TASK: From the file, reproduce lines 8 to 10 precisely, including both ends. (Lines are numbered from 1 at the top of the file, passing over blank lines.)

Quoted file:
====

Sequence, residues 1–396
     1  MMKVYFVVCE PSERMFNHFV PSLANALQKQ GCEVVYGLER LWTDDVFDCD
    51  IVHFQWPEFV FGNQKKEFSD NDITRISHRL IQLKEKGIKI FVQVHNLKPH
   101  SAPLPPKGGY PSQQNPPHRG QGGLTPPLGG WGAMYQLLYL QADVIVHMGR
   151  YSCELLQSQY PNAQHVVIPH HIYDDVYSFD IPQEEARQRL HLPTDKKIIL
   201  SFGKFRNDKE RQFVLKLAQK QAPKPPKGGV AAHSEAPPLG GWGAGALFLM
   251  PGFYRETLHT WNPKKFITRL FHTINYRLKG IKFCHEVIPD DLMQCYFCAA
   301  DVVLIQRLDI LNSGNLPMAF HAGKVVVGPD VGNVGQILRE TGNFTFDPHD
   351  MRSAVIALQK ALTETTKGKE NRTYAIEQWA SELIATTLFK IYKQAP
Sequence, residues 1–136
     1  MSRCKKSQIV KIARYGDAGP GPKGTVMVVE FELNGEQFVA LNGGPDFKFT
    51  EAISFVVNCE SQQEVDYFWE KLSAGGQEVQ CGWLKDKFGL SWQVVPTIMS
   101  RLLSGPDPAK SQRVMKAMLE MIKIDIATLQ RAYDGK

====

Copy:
   301  DVVLIQRLDI LNSGNLPMAF HAGKVVVGPD VGNVGQILRE TGNFTFDPHD
   351  MRSAVIALQK ALTETTKGKE NRTYAIEQWA SELIATTLFK IYKQAP
Sequence, residues 1–136